Patients suffering from persistent symptoms they believe to be caused by a past episode of Lyme disease aren’t helped by long courses of antibiotics, according to a new study.
Why it matters:
Of the tens of thousands of Lyme infections worldwide every year, some 4 to 20 percent of people continue to suffer symptoms they attribute to the disease — such as arthritis, neuropsychological disorders, or fatigue — for years. But it’s an unsettled question whether these patients’ symptoms are connected to Lyme disease and what to do about them.
Doctors sometimes prescribe long courses of antibiotics, but the research on the effectiveness of this practice is patchy. According to the Centers for Disease Control and Prevention, studies have not shown antibiotics to be effective in treating these long-term symptoms.
The nitty gritty:
Researchers studied over 200 individuals in the Netherlands who had been suffering from symptoms they attributed to Lyme disease for an average of two years. Everyone was given a strong antibiotic for two weeks, and then they were split into groups given either no drugs or given different antibiotics for a subsequent three months. Everyone reported a quality-of-life improvement from the beginning of the trial, but the drugs given after the preliminary antibiotic did not have an additional effect.
“It’s been unknown whether the prolonged treatment with antibiotics would have any benefit over a standard course of antibiotics,” said Dr. Bart Jan Kullberg, the study’s primary investigator and a professor at Radboud University Medical Center in the Netherlands. “And basically what we’ve shown in this trial is that it didn’t.” The study was published in the New England Journal of Medicine.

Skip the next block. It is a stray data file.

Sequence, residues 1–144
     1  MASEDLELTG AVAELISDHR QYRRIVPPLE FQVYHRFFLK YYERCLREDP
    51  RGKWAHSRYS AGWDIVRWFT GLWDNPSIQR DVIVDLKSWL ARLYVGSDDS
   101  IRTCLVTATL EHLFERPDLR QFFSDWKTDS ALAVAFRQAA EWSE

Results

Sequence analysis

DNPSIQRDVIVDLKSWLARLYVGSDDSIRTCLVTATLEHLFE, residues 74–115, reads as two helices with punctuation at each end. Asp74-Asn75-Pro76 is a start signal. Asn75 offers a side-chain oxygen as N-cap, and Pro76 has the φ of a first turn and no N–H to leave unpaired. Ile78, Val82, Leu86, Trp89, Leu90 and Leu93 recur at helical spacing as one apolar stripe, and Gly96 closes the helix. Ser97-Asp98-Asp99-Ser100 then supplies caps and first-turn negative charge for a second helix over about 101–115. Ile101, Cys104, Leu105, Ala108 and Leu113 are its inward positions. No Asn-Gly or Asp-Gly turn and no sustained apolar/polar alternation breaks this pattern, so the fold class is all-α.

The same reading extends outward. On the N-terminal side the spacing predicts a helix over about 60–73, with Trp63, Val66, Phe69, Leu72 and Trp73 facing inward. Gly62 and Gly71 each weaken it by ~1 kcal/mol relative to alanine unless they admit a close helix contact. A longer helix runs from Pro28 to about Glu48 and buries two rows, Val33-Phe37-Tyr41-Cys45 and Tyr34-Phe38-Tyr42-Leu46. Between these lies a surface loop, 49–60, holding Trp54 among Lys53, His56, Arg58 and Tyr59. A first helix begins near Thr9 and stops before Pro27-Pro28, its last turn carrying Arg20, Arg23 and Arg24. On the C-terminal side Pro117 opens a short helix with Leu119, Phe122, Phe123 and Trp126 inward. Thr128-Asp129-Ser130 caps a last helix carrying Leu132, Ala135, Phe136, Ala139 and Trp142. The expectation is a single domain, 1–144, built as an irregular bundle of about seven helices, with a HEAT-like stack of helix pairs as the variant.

But keep in mind:
Outside researchers cautioned that the results from this study might not be generalizable because of how varied the participants were.
“They mixed apples and oranges and bananas together in this study,” said Dr. John Aucott, director of the Lyme Disease Research Center at Johns Hopkins University School of Medicine. For instance, 10 percent of the people in the study had never been treated for Lyme disease, while others had been suffering symptoms for years. Those two groups might respond differently to antibiotics, but the results were all grouped together in the paper.
Kullberg said it’s still an open question why some patients are cured of Lyme disease and others experience symptoms for years. He is working on prospective studies of patients suffering from Lyme disease to try to answer this question.
The bottom line:
Scientists still don’t know why some people who contract Lyme disease continue to suffer symptoms they think are related to the Lyme disease years after being treated for the original disease. But taking antibiotics for an extended period of time — after taking strong antibiotics for two weeks — doesn’t seem to help those symptoms.
Correction: This story originally misstated the name of the journal in which the study was published. It has been updated.